Why Night Shift Workers Face Diabetes Risk

A new study may explain why nightshift works have a higher risk of type 2 diabetes.

A new study may explain why nightshift works have a higher risk of type 2 diabetes.

The key may be melatonin, the hormone that helps regulate circadian rhythms.

In 2009, a team of Swedish researchers identified a common gene variant of the melatonin receptor 1B and determined that it raises the risk of type 2 diabetes by making it more sensitive to melatonin and impairing their ability to secrete insulin.

To better understand the effect of this gene on insulin secretion, the same researchers compared insulin secretion and glucose between 23 healthy people who had a gene variant of the melatonin receptor 1B and 22 healthy people who did not. All participants, who were matched for age, family history of diabetes, and body-mass index, took 4 mg of melatonin at bedtime every night for three months.

At the end of the trial, they observed that insulin secretion was significantly lower among people who had the gene variant. In addition, all participants had higher blood glucose levels after taking melatonin, but the increase was greater among those with the gene variant.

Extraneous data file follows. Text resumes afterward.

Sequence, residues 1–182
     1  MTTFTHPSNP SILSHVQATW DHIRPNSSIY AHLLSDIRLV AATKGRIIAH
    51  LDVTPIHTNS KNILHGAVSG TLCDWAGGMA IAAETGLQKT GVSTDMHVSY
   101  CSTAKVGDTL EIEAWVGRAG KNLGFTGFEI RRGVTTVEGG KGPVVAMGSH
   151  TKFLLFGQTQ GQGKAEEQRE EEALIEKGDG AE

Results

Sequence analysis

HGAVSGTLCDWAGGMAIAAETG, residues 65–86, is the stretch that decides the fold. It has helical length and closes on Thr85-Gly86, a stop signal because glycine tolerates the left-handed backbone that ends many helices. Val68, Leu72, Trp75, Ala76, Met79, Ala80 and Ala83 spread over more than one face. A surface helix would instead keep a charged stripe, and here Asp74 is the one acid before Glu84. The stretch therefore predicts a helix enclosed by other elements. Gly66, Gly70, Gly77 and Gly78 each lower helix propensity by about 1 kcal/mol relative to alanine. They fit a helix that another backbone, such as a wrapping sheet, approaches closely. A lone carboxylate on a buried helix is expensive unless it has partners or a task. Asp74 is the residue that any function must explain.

About a third of the population carries this gene variant and the study results show melatonin affects them more strongly, explained lead author Hindrik Mulder, PhD, a consultant at Skåne University Hospital and professor at Lund University in Sweden. “We believe that this explains their increased risk of developing type 2 diabetes,” he added.

The fact that the culprit in question is melatonin may shed light on the higher risk of type 2 diabetes among overnight workers and people with sleep disorders. Melatonin is sensitive to light. To maintain normal circadian rhythms, levels of the hormone increase overnight when it is dark, and decrease in daylight.

Based on these findings, published online on May 12 in Cell Metabolism, Mulder suggests further research into whether working overnight shifts could be more detrimental to people who carry this gene variant.